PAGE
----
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Avnet tells channel to shift to software

Fred Cuen is the senior vice president of Avnet

SAN ANTONIO, Tex.– Perhaps value-added distributor Avnet Technology Solutions really needed the raucous percussions and lively break-dancing moves of the B-boys from the performance band Rhythm Extreme to drive its message to partners during Avnet’s IBM Compass 2013 conference this week.

After the popping and locking troupe woke up conference attendees with their garbage can drumming, Fred Cuen, senior vice-president of Avnet, delivered the bad news everyone has known for years — hardware sales are not growing as fast as before — and the good news — opportunities abound in software and services.

“Our value proposition was based on the realities of 1992 … but the marketplace is changing and the opportunities are different,” Cuen said during his keynote. “The question is – are we doing what we need to be doing?”

Back in 2001, hardware comprised no less than 81 per cent of Avnet’s IBM business in the Americas, while services made up 12 per cent and software trailed at seven per cent. By 2011, Cuen said this shifted to hardware representing 54 per cent, while services had grown to 23 per cent and software had hit 23 per cent.

Two years from now, Avnet foresees this evolution continuing, with hardware accounting for 47 per cent of its IBM business in the Americas as service and software grow respectively to 27 per cent and 26 per cent.

Economic pressures, technologies such as virtualization, social media, mobility and cloud computing are largely responsible for the change, he said.

“The anything-as-a-service model is transforming the playing field,” Cuen said. “You might find customers that don’t even want to buy hardware, or IT might say they don’t need a data centre.”

Phil Gallagher, global president of Avnet, said while the company’s sales were up two per cent to $2.6 billion for the fourth quarter of 2013, the company experienced challenges making money out of its x86 server contacts.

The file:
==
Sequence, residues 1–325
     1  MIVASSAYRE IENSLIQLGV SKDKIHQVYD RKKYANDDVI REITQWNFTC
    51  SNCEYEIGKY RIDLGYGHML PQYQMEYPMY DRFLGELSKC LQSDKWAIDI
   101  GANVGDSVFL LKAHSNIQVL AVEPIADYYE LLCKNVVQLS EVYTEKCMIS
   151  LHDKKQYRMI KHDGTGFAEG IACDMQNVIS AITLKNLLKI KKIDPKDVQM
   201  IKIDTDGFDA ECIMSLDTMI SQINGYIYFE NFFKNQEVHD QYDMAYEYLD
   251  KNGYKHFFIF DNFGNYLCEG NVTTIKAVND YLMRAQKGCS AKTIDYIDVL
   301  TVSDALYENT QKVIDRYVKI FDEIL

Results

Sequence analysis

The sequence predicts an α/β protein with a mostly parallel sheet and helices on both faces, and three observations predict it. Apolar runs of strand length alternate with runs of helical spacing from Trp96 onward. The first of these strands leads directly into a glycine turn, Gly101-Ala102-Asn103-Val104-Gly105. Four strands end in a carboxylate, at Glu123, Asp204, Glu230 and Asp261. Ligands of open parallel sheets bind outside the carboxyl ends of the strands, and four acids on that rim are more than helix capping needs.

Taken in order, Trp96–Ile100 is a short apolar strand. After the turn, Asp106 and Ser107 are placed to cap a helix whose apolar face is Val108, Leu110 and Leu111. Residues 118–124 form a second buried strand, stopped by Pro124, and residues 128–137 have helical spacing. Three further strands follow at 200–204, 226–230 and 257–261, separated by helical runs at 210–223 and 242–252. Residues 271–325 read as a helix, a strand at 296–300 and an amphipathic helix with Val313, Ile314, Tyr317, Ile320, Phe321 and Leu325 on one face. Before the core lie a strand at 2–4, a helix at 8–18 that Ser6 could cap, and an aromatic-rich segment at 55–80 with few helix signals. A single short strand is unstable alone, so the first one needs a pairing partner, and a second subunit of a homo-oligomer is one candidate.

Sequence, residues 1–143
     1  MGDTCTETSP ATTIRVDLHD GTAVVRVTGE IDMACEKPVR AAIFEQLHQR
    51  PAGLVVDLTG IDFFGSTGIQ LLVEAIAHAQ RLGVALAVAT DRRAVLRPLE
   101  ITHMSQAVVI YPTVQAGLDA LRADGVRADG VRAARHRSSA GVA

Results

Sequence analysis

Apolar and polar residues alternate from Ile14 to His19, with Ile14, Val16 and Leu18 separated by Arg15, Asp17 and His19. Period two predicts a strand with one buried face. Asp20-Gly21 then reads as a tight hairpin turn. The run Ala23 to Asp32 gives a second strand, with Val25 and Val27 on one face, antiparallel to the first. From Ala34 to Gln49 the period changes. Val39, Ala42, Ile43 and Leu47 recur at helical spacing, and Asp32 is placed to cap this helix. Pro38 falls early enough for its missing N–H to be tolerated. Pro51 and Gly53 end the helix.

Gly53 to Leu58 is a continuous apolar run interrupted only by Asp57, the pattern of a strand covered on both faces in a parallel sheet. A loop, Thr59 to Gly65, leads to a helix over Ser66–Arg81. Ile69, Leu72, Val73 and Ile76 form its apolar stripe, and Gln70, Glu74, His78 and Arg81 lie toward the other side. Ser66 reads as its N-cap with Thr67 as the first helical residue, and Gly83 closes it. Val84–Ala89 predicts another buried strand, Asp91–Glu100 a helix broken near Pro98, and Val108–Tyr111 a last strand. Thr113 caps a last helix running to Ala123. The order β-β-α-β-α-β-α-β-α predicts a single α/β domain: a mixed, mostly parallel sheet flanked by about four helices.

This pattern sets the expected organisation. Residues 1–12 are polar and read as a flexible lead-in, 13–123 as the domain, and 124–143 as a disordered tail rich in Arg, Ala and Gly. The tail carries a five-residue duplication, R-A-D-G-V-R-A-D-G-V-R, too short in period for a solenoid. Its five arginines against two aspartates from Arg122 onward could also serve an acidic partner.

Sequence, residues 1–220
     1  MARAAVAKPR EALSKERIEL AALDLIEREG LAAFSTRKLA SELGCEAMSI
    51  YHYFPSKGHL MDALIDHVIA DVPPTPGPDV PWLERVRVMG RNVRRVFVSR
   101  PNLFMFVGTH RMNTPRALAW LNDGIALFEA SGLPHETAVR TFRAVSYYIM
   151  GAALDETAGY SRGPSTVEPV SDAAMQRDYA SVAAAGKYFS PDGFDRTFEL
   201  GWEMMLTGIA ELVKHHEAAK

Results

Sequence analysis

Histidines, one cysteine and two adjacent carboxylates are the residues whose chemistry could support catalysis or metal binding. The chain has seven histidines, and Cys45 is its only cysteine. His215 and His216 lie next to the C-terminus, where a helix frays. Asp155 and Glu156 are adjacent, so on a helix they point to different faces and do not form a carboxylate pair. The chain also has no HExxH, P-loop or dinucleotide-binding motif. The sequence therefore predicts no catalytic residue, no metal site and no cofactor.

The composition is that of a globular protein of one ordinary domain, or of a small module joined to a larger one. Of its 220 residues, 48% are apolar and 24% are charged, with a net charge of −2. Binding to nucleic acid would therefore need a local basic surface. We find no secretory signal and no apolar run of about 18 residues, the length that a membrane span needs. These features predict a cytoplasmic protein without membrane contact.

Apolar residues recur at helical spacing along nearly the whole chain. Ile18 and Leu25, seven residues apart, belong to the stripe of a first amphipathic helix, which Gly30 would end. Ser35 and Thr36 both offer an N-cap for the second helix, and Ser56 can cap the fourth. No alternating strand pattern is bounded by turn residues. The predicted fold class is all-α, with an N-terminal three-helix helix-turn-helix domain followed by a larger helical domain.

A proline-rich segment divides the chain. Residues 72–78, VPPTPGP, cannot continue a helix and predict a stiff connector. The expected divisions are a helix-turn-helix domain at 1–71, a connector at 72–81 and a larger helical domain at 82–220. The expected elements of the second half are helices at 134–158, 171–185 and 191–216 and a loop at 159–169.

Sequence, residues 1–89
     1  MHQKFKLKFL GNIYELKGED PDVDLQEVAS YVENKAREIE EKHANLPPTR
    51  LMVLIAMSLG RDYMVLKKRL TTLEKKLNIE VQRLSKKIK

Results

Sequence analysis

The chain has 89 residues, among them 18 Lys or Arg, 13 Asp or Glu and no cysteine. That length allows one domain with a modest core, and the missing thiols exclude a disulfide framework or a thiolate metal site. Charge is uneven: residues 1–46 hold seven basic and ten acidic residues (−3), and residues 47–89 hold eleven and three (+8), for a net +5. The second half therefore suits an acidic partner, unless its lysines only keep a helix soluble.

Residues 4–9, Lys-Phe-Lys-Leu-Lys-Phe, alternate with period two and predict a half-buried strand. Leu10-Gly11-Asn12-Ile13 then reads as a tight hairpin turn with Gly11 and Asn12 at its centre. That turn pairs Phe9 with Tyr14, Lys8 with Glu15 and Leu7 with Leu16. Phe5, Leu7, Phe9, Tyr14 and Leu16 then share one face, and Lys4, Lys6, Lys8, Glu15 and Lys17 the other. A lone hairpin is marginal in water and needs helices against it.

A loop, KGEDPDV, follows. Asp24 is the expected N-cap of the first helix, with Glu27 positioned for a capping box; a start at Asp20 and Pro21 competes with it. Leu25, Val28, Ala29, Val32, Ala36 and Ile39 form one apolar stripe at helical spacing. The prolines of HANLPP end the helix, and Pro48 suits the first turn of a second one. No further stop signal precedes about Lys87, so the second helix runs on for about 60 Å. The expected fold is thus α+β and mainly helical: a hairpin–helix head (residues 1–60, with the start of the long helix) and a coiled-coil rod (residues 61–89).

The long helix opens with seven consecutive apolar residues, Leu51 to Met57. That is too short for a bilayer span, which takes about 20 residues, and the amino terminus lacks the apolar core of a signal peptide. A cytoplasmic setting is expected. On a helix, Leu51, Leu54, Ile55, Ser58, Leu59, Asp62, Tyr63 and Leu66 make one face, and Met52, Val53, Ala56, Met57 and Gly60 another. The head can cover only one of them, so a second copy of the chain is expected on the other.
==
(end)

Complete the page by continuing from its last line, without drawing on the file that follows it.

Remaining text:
“In total, servers were down a bit, but storage software and services revenues made up for the downturn,” he said. “So what we’re telling partners is to focus on offering customers higher value services and products that enable customers to get the most value out of new technologies.”

Avnet’s new push, he said, is around converged infrastructures and offerings such as IBM’s Pure Systems. That portfilio is comprised of four solutions: Flex, PureFlex, PureApplications and PureData. The systems are applicable to small and medium-sized businesses as well as large enterprises.

Solution providers need to realign their businesses strategy towards providing solutions that help customers integrate existing systems with emerging technologies and trends, said Al Gillen, vice-president of systems software at analyst firm IDC.

“Customers today need to integrate social networking and mobility to existing applications,” he said at the conference. “There is also a great demand for services and apps around big data and Hadoop.”

Gillen said the industry is in the midst of the growth of a “third platform” based on mobility, cloud computing, social media and big data.

He traced its growth from the first platform represented by mainframe computers to the second platform represented by the emergence of personal computers in the 1980s, local area network technologies, UNIX and the X86 servers.

Gillen however said the third platform is not a new technology, but rather a phase where VARs and ISVs can leverage to help customers leverage existing platforms to integrate with “new ways of using technology.” Just as the transition from mainframes to PCs allowed partners to make money out of helping customers move from the first platform to the second platform, Gillen said the move to the third platform also offers a long lead time.

For instance, he said, partners will not need new training but rather an enhancement of existing skills and knowledge.

“The baseline will remain stable for the next 10 to 15 years,” Gillen said.